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Thanks for the five out of five

Thanks to Drora Arussy for her top review of Passport Control

D. Arussy5.0 out of 5 starsFinding one's place through personal history

Miriam is the daughter of a Yemenite Israeli and an Ashkenazi Canadian. She very much has the looks of a Yemenite, but is raised in Canada. This dichotomy within her own identity causes her to seek out her father's past. There is family drama on both sides of the ocean while she is kicked out of her Canadian home by her father's girlfriend, and travels to Israel in which she looks more like her Arab roommates, feels the liberalism of Canada against the Israeli fanaticism of another roommate, connects with her Druze roommate, and does not really understand her upper class Ashkenazi roommate. University challenges in Israel are exacerbated by what her father left behind in Israel, including a brother and a sister-in-law who have drama of their own. There is also a touching love interest that helps bring things together. This book really touches upon so many different values, personal identity issues and family - it is well worth the read to travel to Israel in the 90s with Miriam and explore how timely the issues she faces are to the reader at their own level.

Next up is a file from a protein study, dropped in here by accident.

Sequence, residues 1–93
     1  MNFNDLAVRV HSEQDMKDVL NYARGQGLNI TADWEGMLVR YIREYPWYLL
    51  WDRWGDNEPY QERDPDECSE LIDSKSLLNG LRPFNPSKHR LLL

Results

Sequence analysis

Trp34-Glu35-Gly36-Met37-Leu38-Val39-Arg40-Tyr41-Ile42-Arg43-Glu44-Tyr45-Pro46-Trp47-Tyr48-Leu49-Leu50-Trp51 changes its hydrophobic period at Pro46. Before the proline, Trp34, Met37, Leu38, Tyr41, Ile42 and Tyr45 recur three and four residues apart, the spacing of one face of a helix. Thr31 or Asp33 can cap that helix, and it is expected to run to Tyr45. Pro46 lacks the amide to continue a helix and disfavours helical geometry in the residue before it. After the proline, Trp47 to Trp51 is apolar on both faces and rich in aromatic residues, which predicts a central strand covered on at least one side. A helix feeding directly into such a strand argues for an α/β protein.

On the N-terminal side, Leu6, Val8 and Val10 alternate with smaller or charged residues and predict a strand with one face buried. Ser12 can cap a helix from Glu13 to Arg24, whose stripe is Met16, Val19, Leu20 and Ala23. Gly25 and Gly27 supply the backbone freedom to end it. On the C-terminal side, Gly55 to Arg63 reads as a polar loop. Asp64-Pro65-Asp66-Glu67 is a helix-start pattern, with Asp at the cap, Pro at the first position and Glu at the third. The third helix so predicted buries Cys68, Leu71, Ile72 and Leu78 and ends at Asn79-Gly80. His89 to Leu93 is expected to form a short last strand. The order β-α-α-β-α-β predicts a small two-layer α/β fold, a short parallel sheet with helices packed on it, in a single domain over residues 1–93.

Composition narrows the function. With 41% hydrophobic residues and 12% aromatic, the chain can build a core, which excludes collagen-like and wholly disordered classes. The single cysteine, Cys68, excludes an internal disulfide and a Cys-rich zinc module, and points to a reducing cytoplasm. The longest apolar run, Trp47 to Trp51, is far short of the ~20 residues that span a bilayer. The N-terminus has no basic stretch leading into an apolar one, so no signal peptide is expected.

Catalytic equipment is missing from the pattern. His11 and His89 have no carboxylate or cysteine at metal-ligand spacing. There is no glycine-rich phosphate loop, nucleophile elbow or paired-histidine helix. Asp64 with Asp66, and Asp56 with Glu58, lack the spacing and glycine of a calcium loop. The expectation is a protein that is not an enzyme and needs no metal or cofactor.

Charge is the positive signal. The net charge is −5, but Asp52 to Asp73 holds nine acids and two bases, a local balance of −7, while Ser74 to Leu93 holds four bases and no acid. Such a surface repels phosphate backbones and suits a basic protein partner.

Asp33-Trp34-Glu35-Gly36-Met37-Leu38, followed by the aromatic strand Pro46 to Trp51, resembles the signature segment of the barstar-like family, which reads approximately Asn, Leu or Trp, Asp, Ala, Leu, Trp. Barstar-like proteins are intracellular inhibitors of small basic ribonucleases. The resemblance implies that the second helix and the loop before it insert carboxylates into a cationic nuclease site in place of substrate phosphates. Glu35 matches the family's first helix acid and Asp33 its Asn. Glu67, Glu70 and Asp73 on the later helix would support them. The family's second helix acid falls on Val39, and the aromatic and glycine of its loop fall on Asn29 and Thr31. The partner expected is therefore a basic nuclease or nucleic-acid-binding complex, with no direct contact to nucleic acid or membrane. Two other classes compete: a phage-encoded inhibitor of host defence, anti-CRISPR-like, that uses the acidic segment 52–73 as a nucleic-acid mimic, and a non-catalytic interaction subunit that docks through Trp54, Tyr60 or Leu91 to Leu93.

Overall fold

Dro­ra Arussy, Ed.D., is an edu­ca­tion­al con­sul­tant who spe­cial­izes in inte­grat­ing Jew­ish and sec­u­lar stud­ies, the arts into edu­ca­tion, and cre­ative teach­ing for excel­lence in Jew­ish edu­ca­tion. She is the moth­er to four school-age chil­dren and has taught from pre-school through adult. Dro­ra is an adjunct pro­fes­sor of Hebrew lan­guage at Drew University.

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Book Review: Castle of Concrete
Passport Control in AJL


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Friday, 23 February 2024

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